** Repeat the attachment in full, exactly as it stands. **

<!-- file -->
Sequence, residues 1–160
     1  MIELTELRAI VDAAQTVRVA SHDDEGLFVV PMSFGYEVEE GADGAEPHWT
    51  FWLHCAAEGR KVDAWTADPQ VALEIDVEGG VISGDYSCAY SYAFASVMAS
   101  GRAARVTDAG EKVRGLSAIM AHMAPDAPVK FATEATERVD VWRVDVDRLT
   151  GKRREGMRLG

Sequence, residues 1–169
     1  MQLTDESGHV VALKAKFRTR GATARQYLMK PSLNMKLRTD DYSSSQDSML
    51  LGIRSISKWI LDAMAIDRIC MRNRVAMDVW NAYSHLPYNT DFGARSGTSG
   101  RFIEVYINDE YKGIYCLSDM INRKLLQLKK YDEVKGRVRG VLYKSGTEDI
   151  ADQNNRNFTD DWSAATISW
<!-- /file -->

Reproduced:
Sequence, residues 1–160
     1  MIELTELRAI VDAAQTVRVA SHDDEGLFVV PMSFGYEVEE GADGAEPHWT
    51  FWLHCAAEGR KVDAWTADPQ VALEIDVEGG VISGDYSCAY SYAFASVMAS
   101  GRAARVTDAG EKVRGLSAIM AHMAPDAPVK FATEATERVD VWRVDVDRLT
   151  GKRREGMRLG

Sequence, residues 1–169
     1  MQLTDESGHV VALKAKFRTR GATARQYLMK PSLNMKLRTD DYSSSQDSML
    51  LGIRSISKWI LDAMAIDRIC MRNRVAMDVW NAYSHLPYNT DFGARSGTSG
   101  RFIEVYINDE YKGIYCLSDM INRKLLQLKK YDEVKGRVRG VLYKSGTEDI
   151  ADQNNRNFTD DWSAATISW